3. Courage – Animals are brave in defense of their loved ones, their homes, and one another. What is your favorite classic story of pet loyalty, unconditional love, courage, and steadfastness? From Black Beauty to The Incredible Journey, animal strength and courage lie at the heart of many of our most beloved tales. Today, you’ll find hundreds of true accounts of animal valor online—animals who have saved lives from war zones to their own backyards. Our animals remind us of what we wish to be: unselfish, loyal, joyful in simplicity, present in the moment, unworried, courageous, and unconditionally loving. We need role models for living, for keeping on under all circumstances, for fortitude. Our pets keep us grounded and focused on the things that really matter.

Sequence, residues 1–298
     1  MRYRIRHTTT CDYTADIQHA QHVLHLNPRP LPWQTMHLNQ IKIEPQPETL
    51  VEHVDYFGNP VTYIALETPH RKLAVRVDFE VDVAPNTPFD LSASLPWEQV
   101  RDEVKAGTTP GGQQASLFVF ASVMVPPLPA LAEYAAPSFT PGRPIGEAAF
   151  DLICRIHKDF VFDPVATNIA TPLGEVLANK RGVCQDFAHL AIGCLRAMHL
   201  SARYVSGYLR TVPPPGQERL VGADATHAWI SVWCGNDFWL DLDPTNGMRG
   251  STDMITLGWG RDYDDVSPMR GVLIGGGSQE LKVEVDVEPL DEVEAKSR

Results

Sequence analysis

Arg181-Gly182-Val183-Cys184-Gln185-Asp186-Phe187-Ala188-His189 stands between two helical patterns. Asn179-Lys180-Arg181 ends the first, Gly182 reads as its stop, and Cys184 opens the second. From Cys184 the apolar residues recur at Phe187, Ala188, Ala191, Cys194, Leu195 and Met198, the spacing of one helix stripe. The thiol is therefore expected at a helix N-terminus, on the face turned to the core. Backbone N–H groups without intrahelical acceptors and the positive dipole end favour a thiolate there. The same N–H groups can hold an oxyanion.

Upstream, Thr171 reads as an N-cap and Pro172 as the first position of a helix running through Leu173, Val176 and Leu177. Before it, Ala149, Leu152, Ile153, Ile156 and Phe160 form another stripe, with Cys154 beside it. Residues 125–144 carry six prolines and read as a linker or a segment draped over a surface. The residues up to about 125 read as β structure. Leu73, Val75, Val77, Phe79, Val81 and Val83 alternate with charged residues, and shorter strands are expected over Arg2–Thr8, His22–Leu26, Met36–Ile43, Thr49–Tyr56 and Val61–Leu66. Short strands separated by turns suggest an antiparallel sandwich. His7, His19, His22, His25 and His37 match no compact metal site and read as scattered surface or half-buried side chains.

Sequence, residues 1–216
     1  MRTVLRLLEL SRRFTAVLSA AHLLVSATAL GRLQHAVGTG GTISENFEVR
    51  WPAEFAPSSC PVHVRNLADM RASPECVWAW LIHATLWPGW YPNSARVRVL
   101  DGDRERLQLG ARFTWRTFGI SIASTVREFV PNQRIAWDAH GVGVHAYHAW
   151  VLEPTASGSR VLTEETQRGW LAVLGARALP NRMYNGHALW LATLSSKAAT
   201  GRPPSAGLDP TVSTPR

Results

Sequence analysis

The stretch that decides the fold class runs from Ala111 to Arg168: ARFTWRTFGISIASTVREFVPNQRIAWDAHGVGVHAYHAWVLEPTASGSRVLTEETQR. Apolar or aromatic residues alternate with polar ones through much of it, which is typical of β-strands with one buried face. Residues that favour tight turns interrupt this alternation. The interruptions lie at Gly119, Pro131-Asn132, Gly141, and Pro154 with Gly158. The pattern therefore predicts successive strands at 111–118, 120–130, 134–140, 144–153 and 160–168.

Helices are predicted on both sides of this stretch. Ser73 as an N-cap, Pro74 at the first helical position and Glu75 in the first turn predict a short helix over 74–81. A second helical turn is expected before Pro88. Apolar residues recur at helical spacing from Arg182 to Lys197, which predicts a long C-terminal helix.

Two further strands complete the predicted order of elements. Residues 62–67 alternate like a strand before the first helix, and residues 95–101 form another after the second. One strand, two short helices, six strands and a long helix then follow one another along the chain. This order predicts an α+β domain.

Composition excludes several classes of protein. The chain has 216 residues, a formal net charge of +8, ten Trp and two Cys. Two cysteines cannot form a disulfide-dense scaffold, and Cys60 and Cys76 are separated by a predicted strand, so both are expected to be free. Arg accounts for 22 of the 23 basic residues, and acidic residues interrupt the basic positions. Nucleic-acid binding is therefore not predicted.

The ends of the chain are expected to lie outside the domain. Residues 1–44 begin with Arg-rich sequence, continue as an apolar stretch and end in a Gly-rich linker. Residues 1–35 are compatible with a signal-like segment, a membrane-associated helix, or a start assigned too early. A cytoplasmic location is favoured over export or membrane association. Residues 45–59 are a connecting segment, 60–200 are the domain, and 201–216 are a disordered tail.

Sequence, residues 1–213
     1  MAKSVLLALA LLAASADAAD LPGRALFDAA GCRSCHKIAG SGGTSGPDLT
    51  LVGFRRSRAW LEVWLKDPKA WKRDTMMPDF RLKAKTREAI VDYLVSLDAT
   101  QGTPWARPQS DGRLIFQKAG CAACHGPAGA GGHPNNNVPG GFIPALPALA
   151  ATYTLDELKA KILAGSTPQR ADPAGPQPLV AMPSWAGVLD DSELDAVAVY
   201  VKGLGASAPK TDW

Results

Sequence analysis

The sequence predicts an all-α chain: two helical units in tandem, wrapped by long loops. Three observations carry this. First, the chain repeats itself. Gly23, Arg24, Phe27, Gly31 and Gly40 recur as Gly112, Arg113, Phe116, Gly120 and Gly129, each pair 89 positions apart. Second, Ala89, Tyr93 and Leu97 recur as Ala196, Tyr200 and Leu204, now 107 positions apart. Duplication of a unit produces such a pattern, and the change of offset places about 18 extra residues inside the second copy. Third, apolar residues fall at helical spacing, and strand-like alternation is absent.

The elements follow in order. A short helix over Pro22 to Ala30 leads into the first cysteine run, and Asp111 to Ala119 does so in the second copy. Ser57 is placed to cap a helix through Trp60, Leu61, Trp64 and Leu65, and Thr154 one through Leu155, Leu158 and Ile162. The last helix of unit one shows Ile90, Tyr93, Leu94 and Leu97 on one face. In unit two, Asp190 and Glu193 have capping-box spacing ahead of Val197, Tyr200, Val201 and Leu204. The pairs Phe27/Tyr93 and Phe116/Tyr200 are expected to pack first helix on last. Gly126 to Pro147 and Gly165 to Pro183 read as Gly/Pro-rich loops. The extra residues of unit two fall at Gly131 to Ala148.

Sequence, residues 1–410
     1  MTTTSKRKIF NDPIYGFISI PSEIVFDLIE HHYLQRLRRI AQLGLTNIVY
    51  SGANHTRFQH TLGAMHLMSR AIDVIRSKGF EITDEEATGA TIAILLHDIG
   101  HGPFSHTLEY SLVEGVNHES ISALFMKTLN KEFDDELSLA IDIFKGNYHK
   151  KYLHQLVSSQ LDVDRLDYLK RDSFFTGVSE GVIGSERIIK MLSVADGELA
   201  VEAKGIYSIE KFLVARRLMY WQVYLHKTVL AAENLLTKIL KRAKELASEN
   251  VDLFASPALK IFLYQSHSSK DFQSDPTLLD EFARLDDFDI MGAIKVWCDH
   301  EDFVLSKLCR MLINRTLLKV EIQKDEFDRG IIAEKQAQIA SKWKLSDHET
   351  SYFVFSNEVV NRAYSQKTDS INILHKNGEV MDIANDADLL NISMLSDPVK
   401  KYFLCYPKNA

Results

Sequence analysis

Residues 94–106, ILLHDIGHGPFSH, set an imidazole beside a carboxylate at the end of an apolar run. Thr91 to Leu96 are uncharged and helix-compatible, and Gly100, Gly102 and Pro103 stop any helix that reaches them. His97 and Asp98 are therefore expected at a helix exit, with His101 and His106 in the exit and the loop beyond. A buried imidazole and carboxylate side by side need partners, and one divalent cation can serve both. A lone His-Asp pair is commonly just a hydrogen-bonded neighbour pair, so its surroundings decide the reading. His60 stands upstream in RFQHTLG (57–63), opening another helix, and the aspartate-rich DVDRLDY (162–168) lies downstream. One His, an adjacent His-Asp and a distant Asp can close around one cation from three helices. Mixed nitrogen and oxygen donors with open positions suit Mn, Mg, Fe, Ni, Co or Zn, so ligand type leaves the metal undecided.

4. Caretaking – Animals teach us the important spiritual lesson of taking care. Although we are mostly providing the food and shelter, our pets are giving us the opportunity to do so. They don’t supply a share of the rent or provide any financial support, but in caring for them, we grow in empathy and responsibility. The fact is that we are our brothers’ (and sisters’) keepers in this world. We are stewards of the Earth and protectors of the animals. It is a role we are called to honor and we grow in spirit when we carry out our duties faithfully. Taking care of pets expands our powers of nurturing and giving and builds empathy. The ability to recognize the needs of other living creatures and to see the connections between us all helps create an atmosphere of caring and compassion. Isn’t that just what the world need now?